Gransnet forums

Care & carers

How much to pay?

(48 Posts)
Synonymous Fri 06-Apr-18 00:33:52

Since DH was injured and no longer able to be my carer it has been a real struggle to manage even the small basics for living and impossible to get the help we have needed as it is difficult to quantify what would be helpful and have it fit into a tick box. I have been having discussions with someone who is willing to pop in daily just for half an hour as a sort of home help to assist with bed making and veg preparation and similar small tasks. When I asked how much she would charge me she just said "not much as it is for such a short time" so I am not any wiser. I thought that perhaps an hourly rate of £10 might be about right as that would be £5 a session. Because I want to be fair to both of us does anyone have any experience of thus situation? I also think it might be sensible to start off with it being for a trial period to see how it would work out for us both. My regular cleaning lady did say at one point that she would be prepared to do this but she comes through an agency and I think it best to keep these things separate and not muddy the waters because if she was ill I could end up with no help at all.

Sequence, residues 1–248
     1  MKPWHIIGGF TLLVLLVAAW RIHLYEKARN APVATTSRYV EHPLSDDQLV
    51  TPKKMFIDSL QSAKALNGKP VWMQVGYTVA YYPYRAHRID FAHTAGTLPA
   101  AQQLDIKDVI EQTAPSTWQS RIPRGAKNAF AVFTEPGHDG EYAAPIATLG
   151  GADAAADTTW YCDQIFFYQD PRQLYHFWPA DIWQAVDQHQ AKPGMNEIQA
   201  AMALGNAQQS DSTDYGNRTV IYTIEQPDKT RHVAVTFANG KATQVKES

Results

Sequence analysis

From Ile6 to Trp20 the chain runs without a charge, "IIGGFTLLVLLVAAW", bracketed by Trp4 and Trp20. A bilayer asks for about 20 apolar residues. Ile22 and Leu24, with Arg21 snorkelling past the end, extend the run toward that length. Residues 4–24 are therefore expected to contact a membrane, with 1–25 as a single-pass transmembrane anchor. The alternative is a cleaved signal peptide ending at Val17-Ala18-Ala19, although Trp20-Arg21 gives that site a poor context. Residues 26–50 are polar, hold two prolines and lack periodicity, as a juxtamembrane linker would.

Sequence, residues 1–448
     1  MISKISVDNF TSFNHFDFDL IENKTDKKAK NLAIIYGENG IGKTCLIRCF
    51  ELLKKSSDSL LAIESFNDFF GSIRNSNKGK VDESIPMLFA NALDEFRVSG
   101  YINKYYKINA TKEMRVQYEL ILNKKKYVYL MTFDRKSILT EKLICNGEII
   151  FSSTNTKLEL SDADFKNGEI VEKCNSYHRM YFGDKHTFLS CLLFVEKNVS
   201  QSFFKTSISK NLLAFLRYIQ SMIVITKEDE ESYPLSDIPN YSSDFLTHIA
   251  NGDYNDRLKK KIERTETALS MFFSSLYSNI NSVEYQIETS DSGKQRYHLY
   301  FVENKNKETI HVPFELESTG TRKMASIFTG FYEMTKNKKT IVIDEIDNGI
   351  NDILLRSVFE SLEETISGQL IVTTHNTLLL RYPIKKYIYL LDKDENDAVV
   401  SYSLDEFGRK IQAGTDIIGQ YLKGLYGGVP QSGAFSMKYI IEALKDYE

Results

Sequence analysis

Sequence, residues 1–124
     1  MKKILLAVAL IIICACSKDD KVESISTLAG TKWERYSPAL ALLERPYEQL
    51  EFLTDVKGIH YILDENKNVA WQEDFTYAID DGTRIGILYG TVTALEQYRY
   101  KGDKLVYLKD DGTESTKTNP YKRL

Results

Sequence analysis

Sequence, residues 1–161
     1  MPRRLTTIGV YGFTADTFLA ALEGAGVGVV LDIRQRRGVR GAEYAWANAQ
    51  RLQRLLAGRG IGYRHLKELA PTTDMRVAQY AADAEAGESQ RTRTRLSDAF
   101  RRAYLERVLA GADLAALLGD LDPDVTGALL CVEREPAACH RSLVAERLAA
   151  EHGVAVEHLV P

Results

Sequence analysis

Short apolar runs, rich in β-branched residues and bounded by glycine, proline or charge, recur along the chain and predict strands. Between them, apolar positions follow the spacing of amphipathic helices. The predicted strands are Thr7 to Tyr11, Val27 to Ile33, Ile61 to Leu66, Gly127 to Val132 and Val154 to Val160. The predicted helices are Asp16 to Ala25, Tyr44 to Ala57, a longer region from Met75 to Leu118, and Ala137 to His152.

MissAdventure Fri 06-Apr-18 00:39:58

How many days is your lady going to be coming?
£5 for half an hour seems reasonable.
I have cleaned for somebody just for an hour, and that was £10.
To be honest, just for an hour I would have sooner not done it, but it was more of a favour.

kittylester Fri 06-Apr-18 06:37:34

It's a weird thing isn't it? I would think that £5 for the person hardly makes it worth while going out but £10 an hour is the going rate for a cleaner round here.

Do you need someone every day or would a longer period, less frequently, be as useful?